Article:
Saturday, May 14, 2011

Remembering Gaziantep: Turkey's Culinary Capital

Starbucks Not

Gaziantep, 40 miles from the Syrian border in Southeastern Turkey has been in the news lately as a staging ground for journalists covering the war, a refugee center, and a gateway city for ISIS recruits on their way to Syria.

"It’s a destination for spies and refugees, insurgent fighters and rebel leaders, foreign-aid workers and covert jihadists—all enmeshed in Syria’s multisided war," is how the New Yorker's Robin Wright described it in 2014. 

Before the war, Gaziantep or "Tep" as the Turkish call it, was a sophisticated and cosmopolitan city, known as the culinary capital of Turkey. Its claim to fame was being home to the world’s finest baklava, the honey-soaked pastry. People from Istanbul came for the weekend, the way we might go to Portland or San Francisco. The old city is filled with beautifully-restored 16th century mosques, inns and 19th century stone mansions. Like many of the cities in this area, Gaziantep was an important trading center with its Middle Eastern neighbors and China. It was a stop on what was known as the second Silk Road that went to China via Iran and Afghanistan.

Some serious money went into restoring the Ottoman-era bazaar quarter filled with spice and nut sellers and craftsmen turning out everything from rolling pins to baklava in the back of little storefront shops. When I visited in 2011, I was thrilled to come upon this coffee seller with his copper urn. Men dress up like this in Istanbul to pose for pictures with tourists, but this guy was the real deal. Notice the string of paper cups around his neck. He opened the lid on the urn to show me hot coals in the bottom keeping the coffee hot. The coffee, called murra, was thick, sweet and scented with spices. I was about to buy a cup, when the coppersmith on the left, bought one for me, the posted for a photo with his cat.

Pistachio sweets for sale

Baklava, Kadayif, and other similar sweets made with pinkish, half-ripe pistachios, are to Gaziantep what coffee is to Seattle. There are more than 150 shops, one or two every block it seems. Imam Cagdas, a big busy shop founded in 1887, ships its baklava worldwide, but we preferred the smaller, one-man shops where you either order a box to go, or eat it there at one of a few tables in the back. Most keep things simple and offer little else besides water or tea.

 Kadayif: Art on a plate

Artisan at work

It's common in bazaars and markets around the world to see craftsmen working in front of shops selling products made in China or mass-produced in factories, but that's not the case in Gaziantep. Everything you see is made in the workshops, from cutting sheets of copper, to pounding, plating and etching the designs. The more intricate the design, the more expensive the piece. We paid about $6 each for two small, hand-pounded copper pans.

Copper bazaar

A few of the old mansions have been turned into boutique hotels. Below is the Asude Konak where my husband and I stayed. It took the owners 10 years to restore the 108-year-old house into a five-room inn on a pedestrian street above the town center. 

Aside Konak B&B

The owner, Jale, below right, loves to cook and guests can arrange to have dinner here. It was Mother's Day, so she invited us and another couple to join in a family kebab party - sort of like a Sunday barbeque. She and her mother, left, made a half-dozen different kinds of kebabs, including our favorite, eggplant and lamb, along with plums and lamb and another with roasted garlic.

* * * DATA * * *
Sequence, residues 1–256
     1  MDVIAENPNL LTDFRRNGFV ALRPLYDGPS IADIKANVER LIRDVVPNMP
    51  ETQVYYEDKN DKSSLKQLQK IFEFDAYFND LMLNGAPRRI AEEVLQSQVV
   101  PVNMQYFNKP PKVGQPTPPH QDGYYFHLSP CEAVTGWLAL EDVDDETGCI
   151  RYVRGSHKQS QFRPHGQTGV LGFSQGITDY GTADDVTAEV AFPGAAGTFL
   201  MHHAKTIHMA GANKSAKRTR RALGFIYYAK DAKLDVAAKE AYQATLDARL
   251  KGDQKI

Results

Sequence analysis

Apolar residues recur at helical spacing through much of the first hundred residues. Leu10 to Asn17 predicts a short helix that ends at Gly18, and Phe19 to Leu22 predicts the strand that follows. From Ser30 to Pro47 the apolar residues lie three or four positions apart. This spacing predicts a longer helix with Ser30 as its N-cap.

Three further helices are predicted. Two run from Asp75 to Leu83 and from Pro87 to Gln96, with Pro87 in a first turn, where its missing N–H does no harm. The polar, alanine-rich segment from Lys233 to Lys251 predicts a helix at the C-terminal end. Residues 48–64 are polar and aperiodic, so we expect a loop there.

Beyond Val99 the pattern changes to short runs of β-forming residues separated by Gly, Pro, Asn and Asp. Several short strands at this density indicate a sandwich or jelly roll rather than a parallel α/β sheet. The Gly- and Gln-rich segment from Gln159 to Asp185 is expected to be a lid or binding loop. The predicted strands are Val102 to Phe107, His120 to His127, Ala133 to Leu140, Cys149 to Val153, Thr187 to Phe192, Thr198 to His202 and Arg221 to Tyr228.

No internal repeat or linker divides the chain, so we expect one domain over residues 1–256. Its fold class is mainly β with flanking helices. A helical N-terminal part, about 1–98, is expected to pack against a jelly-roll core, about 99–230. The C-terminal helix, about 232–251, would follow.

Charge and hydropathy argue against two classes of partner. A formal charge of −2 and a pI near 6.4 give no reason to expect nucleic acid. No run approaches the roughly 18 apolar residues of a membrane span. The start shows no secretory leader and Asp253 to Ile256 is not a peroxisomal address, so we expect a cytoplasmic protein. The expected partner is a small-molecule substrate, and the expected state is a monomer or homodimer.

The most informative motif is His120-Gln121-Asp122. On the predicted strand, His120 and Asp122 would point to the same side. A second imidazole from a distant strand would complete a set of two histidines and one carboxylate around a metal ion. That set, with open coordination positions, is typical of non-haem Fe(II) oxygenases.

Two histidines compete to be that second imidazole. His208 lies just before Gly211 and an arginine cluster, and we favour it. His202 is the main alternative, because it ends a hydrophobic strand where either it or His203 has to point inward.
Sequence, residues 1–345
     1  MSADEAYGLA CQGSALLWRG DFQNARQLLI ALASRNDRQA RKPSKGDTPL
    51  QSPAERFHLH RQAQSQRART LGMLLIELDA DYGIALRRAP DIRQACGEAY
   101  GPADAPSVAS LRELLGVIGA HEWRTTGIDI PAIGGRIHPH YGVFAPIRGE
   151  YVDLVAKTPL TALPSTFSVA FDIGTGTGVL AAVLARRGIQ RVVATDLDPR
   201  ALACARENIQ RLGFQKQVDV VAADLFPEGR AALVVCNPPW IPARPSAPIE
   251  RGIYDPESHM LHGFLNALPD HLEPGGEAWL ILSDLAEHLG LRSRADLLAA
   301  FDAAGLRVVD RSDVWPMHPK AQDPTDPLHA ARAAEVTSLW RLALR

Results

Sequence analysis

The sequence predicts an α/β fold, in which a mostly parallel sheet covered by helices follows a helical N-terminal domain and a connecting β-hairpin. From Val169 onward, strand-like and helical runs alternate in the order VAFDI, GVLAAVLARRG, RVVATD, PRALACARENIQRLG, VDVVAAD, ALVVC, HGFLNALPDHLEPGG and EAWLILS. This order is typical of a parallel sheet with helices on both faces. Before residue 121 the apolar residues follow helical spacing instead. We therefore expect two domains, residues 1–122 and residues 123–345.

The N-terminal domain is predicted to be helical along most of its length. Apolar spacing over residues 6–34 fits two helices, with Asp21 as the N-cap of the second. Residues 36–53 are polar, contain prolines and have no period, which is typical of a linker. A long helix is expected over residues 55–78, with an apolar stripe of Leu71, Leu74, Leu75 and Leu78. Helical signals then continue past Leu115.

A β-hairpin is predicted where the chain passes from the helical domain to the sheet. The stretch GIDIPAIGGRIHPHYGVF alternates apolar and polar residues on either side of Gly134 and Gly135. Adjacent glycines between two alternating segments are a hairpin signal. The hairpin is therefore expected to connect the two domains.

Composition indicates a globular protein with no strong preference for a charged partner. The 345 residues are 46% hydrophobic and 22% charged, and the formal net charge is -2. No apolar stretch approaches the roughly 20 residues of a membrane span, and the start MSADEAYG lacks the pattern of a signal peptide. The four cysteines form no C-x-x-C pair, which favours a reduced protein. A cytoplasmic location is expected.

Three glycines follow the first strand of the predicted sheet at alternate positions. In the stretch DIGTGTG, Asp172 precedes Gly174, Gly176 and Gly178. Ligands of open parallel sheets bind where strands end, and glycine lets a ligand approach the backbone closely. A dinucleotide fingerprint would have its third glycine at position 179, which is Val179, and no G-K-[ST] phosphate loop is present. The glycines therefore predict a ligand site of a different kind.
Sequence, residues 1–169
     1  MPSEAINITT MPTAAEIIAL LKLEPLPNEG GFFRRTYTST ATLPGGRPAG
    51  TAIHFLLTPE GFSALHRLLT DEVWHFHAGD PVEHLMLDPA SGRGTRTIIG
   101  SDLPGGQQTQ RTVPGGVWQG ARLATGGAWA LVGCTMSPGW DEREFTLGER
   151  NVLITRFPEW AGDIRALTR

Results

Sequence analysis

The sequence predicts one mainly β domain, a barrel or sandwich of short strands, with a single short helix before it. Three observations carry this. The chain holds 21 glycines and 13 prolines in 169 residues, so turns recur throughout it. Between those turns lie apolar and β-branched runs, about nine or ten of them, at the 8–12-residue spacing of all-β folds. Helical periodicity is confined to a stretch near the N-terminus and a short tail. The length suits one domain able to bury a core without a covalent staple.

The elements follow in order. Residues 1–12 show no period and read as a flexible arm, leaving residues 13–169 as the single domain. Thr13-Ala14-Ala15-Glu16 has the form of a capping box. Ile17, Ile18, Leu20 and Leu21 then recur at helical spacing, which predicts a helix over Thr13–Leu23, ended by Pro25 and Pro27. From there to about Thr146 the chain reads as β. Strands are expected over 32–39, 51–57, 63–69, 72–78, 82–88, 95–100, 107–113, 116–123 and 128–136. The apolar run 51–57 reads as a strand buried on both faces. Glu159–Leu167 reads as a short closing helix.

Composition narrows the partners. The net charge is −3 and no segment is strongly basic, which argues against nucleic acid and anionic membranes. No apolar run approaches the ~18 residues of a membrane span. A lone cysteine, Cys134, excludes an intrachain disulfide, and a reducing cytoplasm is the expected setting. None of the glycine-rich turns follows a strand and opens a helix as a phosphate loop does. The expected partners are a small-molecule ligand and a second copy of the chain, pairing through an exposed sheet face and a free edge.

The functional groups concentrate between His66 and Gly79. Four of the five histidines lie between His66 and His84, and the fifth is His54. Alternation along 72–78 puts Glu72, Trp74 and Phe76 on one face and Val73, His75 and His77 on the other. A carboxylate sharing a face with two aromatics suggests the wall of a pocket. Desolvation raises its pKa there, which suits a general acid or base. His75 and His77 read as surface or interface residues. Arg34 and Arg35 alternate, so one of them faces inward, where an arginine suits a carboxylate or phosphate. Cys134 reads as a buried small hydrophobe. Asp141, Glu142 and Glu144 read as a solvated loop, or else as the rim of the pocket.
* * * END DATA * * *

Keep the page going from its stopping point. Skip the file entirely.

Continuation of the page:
Kebab party in the making
They filled the rest of along table on their outdoor patio with plates of fresh greens and mint, yogurt dips, bread and salads. Some drank Raki, a high-powered anise liquor that produces a cloudy drink when mixed with water. Others had Ayran, the refreshing yogurt drink made with water and a dash of salt. Antep is surrounded by fertile farmland and has a climate ideal for growing olives, pomegranates, many types of fruits and vegetables and raising sheep. There's an excellent culinary museum with explanations in English of all the local dishes. We didn't find it until our last day, but if I had it to do over again, I'd go there first-thing, so that I'd know more before setting out for the restaurants and markets.

Sunday barbeque

After a quick flight to Izmir on the Aegean coast, we spent our last couple of days in the little town of Selcuk. The reason to come is to see the ancient Greek and Roman city of Ephesus, two miles away. Selcuk is a pleasant little low-key tourist town with lots of small hotels and restaurants. The downside is that we were back in Tour Bus Turkey, land of genuine fake watches and the art of the upsell. Most of the hotels offer a "free'' ride to Ephesus which turns out to be provided by the owner of a carpet shop.


As impressive as walking through the ruins was, we couldn't help but contrast the touristy atmosphere here with the the we spent Southeastern Turkey. They seemed more genuine and real, interesting for their history, religious traditions and present-day culture influenced by their proximity to the Middle East. It may be a while before these areas make it onto tourist itineraries again. Terrorism and ISIS threats, the government's war with Kurdish separatists, a refugee crisis and the proximity of the Syrian war have just about killed tourism all over the country.  Cruise ships are rerouting, and hotel bookings have plunged. Hopefully Gazientep won't be a permanent casualty of the conflicts. I hope to return, and when I do, stock up on some of the world's best kebabs and Baklava.